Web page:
There is a lot of static on the dial at RadioShack. The struggling electronics retailer operates more than 4,000 stores in the US, Mexico, Puerto Rico, and the US Virgin Islands. Its shops and website offer a variety of products, such as wireless and residential telephones, computers, DVD players, and radios. For mobile customers, the company sells third-party wireless calling plans from AT&T, Sprint, Verizon, and others. RadioShack stores also sell a wide range of electronics parts, batteries, and components. It sold the unit that operated more than 1,500 wireless phone kiosks located inside Target stores. After several years of falling sales and amid intense competition, particularly online, the company filed for bankruptcy in 2015.
RadioShack operates three US distribution centers that ship products to its US retail locations and dealer outlets. One serves as a fulfillment center for its online business and as a distribution center responsible for shipping store fixtures to RadioShack's company-owned stores in the US and Mexico.
Prior to selling its Target Mobile business in 2013, the company reported its business in two segments: US RadioShack company-operated stores and Target Mobile.
Based in Fort Worth, Texas, RadioShack operates its business globally with operations in the US, Mexico, Puerto Rico, and the US Virgin Islands.
Sales and Marketing
RadioShack operates US company-owned stores and dealer-owned stores, as well as company-owned stores in Mexico. The retailer also enlists the help of international dealers to peddle its products and sells its items online through radioshack.com.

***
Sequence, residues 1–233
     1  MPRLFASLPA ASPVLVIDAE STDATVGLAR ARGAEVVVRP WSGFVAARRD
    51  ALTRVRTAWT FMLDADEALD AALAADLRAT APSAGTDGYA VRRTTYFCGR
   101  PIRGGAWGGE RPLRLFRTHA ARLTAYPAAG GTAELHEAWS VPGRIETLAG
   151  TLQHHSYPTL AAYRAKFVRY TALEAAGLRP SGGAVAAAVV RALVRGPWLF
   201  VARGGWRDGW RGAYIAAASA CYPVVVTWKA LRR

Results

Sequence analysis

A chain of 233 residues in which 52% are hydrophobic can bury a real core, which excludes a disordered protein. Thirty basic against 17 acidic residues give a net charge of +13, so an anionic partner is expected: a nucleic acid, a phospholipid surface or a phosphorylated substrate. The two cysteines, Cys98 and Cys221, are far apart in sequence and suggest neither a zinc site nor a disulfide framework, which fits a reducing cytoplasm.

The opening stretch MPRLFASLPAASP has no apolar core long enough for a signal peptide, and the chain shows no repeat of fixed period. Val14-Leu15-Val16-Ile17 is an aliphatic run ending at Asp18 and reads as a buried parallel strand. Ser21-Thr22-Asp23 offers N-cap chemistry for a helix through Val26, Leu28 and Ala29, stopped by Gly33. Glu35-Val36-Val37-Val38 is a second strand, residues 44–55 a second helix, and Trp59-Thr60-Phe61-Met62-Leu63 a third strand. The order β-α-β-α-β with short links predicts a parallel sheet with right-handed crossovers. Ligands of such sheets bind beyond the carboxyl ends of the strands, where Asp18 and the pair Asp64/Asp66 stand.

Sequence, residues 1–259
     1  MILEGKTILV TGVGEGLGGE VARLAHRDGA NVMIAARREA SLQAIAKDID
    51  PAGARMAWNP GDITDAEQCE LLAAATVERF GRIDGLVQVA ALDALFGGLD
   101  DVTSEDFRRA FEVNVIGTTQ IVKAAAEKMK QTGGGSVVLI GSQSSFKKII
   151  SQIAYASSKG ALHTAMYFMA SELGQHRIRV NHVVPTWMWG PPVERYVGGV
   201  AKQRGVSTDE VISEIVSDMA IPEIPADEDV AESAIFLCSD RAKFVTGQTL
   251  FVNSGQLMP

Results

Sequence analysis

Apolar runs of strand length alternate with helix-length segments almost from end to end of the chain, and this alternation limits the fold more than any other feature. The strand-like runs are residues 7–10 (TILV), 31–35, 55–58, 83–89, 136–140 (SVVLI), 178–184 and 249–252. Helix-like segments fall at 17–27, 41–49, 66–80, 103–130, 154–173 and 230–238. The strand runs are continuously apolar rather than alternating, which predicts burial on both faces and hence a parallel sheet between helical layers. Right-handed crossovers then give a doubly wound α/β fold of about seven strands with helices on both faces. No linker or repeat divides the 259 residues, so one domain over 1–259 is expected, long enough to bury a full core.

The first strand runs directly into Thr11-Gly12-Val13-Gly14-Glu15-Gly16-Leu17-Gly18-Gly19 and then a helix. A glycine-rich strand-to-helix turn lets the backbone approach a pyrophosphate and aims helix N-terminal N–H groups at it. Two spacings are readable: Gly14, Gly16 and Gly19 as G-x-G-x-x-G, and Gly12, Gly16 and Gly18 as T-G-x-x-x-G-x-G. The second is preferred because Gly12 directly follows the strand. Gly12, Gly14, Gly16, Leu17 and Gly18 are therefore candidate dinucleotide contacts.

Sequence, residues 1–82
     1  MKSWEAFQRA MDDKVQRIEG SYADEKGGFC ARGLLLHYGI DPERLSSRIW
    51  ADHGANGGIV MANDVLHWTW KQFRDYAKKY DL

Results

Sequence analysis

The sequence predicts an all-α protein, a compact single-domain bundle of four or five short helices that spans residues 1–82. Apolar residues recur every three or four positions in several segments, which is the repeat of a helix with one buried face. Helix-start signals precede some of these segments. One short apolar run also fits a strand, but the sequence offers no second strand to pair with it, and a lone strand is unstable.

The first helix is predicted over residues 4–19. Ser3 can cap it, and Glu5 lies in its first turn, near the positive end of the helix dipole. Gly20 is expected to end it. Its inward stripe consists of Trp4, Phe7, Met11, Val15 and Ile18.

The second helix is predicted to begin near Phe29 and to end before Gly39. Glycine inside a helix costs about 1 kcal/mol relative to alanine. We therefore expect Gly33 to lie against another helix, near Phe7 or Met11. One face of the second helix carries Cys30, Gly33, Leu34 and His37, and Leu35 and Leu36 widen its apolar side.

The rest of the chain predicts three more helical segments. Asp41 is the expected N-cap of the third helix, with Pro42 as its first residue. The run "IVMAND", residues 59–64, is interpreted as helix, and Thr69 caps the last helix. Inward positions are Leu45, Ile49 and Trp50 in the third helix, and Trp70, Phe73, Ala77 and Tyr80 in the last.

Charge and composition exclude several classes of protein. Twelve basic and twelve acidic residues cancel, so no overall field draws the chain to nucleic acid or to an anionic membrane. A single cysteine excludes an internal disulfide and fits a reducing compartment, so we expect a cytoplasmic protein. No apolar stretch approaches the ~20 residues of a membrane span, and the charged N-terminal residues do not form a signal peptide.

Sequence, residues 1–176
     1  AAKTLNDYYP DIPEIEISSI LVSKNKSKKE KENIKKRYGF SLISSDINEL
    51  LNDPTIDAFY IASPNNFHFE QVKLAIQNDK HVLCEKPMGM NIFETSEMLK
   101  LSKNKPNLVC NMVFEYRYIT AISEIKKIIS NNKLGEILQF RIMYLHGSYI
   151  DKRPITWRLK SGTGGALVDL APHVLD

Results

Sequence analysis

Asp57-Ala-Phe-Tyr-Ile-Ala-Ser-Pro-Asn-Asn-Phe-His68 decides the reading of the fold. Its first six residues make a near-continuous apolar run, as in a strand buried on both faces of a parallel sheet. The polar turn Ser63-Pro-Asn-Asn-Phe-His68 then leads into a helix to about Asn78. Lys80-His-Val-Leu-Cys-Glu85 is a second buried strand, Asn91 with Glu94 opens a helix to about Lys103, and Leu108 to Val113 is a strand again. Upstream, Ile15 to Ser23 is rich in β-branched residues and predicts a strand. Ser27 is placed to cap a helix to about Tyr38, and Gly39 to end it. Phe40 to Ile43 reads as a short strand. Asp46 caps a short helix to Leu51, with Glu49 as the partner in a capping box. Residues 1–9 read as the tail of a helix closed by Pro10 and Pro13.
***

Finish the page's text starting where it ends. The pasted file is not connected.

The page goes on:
Under the leadership of a turnaround specialist with experience at Safeway and Kmart, RadioShack undertook a major rebranding effort to modernize its dated image. It dropped the antiquated term "radio" from its brand and adopted the nickname "THE SHACK." The changes sparked rumors that private-equity firms and Best Buy were circling, but no offers have been made.
Efforts at updating its brand notwithstanding, revenue at RadioShack has fallen steadily since 2010. In 2013 it dropped another 10%, from $3.8 billion to $3.4 billion, due to declining sales at existing stores and the loss of sales from its Target Mobile business and about 100 closed stores.
The years of falling revenue have caused four years of net losses, including 2013 when it dropped another 65%, from a loss of $139.4 the previous year. As the brand continues to suffer, impairment of assets and goodwill rises. A decrease in inventories, accounts payable coupled with deferred taxes lead to a $79 million increase in cash from operations, a number which has fluctuated of late.
(Note: In late 2013, the company changed its fiscal year end from December to January, so its 2014 results -- $227 million -- represent only one month.)
Amid declining sales, in March 2014 RadioShack announced it will close as many as 1,100 underperforming stores, or about 20% of its locations, after closing 1,700 locations in 2013.
Unlike its big-box competitors, RadioShack has built its chain with smaller but more numerous locations. (Its stores average about 2,470 sq. ft.) The company's kiosk business is an extension of that strategy.
Looking to amend its arrangement with Target in late 2012, RadioShack ultimately ended its relationship with the discount retailer in April 2013 and terminated their contract. Wireless continues to be the growth story at RadioShack, despite its hurdles. Demand for wireless products and services has given the chain, which is known for gadgets and batteries, a profitable new line of business. It's working hard to establish itself as a leader in mobility products and services and update its stodgy image. RadioShack stores offer rate plans from most third-party carriers. The stores also offer smartphones, including Apple's popular iPhone.